It takes some doing to reach North Carolina’s Outer Banks, home to the historic Wright Brothers flight at Kitty Hawk and a still remote-ish string of migrating sandbars set safely apart from all those Virginia-and-Myrtle-Beach-goers.
It takes even more doing to reach Ocracoke, OBX’s southernmost barrier island — tucked well below the relative crowds of Duck, Nags Head, Kill Devil Hills and Hatteras.
No bridge. No crowds. Almost no pulse — in the best sense — Ocracoke welcomes ferry (or private plane) commuters to do exactly what’s expected of anyone on a wafer-thin, 16-mile long spit of sea grass flecked, wave-pounded Atlantic shore and former Blackbeard hideout.
Put life on blissful pause.
And perhaps rent an old bicycle, browse through buccaneer tchotchke shops, idly chat with pirate impersonators, gorge through a mess of oyster shooters (beer, hot sauce, pepper, raw oyster in a shot glass) at Howard’s Pub, and then slowly pedal up a long quiet road to a vast, empty beach to nap it off.
Where else could the word “Ocracoma” (definition: “feeling relaxed and ‘oh so good'”) have been coined?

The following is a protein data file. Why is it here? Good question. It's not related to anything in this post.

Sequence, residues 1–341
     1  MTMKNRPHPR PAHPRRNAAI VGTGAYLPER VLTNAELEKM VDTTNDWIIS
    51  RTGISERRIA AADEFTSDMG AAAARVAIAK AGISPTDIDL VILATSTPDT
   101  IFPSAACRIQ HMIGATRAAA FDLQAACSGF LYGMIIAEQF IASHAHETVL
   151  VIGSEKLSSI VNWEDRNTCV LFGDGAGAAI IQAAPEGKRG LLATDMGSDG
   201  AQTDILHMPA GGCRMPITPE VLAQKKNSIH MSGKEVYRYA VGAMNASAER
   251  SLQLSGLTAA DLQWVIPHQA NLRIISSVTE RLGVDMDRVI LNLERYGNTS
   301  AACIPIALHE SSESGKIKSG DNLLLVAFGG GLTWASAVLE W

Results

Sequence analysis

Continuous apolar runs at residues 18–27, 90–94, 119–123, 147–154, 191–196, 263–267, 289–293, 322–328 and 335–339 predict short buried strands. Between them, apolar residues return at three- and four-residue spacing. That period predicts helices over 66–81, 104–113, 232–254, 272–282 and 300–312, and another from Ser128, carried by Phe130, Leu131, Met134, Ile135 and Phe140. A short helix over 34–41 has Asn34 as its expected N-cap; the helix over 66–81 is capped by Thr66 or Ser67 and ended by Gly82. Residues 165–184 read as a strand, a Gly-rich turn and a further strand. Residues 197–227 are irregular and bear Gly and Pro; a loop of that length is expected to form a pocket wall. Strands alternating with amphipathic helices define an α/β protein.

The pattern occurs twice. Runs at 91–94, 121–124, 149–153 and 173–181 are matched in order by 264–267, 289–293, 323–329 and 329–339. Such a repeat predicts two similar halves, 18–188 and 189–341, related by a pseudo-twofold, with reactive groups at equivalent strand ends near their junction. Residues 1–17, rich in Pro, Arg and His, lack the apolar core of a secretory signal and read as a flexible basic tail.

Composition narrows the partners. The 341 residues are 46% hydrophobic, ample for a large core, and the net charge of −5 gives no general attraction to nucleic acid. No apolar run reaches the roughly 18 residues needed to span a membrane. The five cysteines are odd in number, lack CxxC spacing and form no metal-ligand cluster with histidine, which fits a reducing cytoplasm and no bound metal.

ORCAS ISLAND AND THE SAN JUANS
Floating Near: Seattle
Famous For: Making visitors wish this was a one-way trip
Fun Times Ahead: Orcas Island Jazz Festival (August 30-September 2)
Over 170 named islands and hundreds more at low tide comprise Washington’s San Juan archipelago. But, for now, a brief word on the three biggies — all accessible by the Washington State Ferry system and hampered only by crappy car lines on summer weekends.
San Juan Island, the namesake and hub of this chain, is your best bet for shopping and paddling through killer whale country.
Lopez Island, the quietest and flattest, is a magnet for cyclists.
Orcas Island, the “Gem of the San Juans,” is for wishing you could afford property here — and for driving slowly and aimlessly with the windows down on hilly, empty, sun-dappled backroads with names like “Enchanted Forest” and “Dolphin Bay.”
Then dipping through a quiet green valley dead-ending at some tiny harbor where an old man on a bicycle is walking his seven dogs along the road. Before driving up into Moran State Park and to the top of 2,409-foot Mt. Constitution for views of Mt. Rainier, British Columbia and everything in between on a clear day.